Achievement Levels

Results for the main NAEP assessments are reported using the achievement levels authorized by the NAEP legislation and adopted by the National Assessment Governing Board. The achievement levels are based on collective judgments about what students should know and be able to do relative to the body of content reflected in each subject-area assessment. For each subject area, three levels—Basic, Proficient, and Advanced—are defined for each grade, within scale score cut points.

Achievement-level data can be presented in two ways.

In the NAEP Data Explorer, achievement levels may be selected as variables, but then the only statistic available will be percentages. If achievement levels are selected instead as one of your two statistics choices, then you have the choice of one other statistic: Average Scale Scores, Percentages, Percentiles, or Standard Deviations.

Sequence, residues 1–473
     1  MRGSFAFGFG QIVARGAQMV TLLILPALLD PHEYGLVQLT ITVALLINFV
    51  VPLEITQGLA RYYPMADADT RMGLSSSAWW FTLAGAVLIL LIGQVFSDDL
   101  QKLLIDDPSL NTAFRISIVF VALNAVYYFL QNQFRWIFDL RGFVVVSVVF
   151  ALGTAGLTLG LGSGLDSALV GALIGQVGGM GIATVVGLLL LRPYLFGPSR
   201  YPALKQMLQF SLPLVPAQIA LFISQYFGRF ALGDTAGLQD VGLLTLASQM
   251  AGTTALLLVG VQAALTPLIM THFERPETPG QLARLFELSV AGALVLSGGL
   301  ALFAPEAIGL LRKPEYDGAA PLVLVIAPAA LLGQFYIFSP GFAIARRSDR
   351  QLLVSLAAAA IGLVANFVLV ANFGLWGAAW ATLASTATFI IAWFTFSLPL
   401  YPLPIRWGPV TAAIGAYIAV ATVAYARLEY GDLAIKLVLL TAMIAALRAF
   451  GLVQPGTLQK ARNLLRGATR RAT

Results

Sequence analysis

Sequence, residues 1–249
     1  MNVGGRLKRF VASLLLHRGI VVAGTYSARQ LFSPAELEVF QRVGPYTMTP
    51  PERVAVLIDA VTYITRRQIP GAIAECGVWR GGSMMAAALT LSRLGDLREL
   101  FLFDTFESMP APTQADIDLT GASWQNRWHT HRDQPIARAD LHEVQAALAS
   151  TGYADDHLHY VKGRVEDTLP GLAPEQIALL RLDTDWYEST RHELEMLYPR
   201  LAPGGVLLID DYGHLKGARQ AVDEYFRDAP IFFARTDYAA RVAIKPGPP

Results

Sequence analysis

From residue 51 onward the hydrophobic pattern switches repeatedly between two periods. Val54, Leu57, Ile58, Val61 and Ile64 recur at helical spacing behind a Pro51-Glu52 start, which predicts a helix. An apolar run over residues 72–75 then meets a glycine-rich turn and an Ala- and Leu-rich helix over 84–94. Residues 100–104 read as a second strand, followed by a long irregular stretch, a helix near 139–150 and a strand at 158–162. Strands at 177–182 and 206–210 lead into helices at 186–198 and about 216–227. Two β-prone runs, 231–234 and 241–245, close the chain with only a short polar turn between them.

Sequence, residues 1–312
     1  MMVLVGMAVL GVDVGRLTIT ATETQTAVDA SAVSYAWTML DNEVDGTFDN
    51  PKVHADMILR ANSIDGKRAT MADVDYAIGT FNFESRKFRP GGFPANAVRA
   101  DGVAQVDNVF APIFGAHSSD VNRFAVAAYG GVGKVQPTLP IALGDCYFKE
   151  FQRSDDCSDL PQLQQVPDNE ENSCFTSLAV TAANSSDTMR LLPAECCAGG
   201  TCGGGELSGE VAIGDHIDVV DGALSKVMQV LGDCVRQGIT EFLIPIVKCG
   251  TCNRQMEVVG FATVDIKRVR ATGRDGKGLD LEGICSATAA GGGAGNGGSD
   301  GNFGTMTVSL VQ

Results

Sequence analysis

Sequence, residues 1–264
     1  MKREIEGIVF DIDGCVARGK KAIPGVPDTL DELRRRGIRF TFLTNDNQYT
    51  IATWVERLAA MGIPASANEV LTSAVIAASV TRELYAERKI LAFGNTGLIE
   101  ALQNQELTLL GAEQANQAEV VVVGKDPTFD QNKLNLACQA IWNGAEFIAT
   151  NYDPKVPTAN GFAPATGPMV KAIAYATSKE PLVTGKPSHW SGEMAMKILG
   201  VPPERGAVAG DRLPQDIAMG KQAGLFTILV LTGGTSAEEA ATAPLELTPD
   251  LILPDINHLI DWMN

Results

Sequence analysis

When Achievement Levels is selected as a variable, with percentages the only statistic, you will not be able to move Jurisdictions, Years, or Achievement Levels to the Column area of your table. NDE will give you an error message in that case. Read more in the section Achievement Levels as Independent Variables (Technical).

The definition for each achievement level was developed by a broadly representative panel of teachers, education specialists, and members of the general public. Subject-and grade-specific detailed definitions are available in each subject section on this site. The policy definitions of the levels are:

As provided by law, the Commissioner of Education Statistics has determined that the achievement levels are to be used on a trial basis and should be interpreted and used with caution. However, both the Commissioner and the National Assessment Governing Board believe these performance standards are useful for understanding trends in student achievement.

Note: the NAEP long-term trend assessment does not use achievement levels, but uses a similar metric called Performance Levels.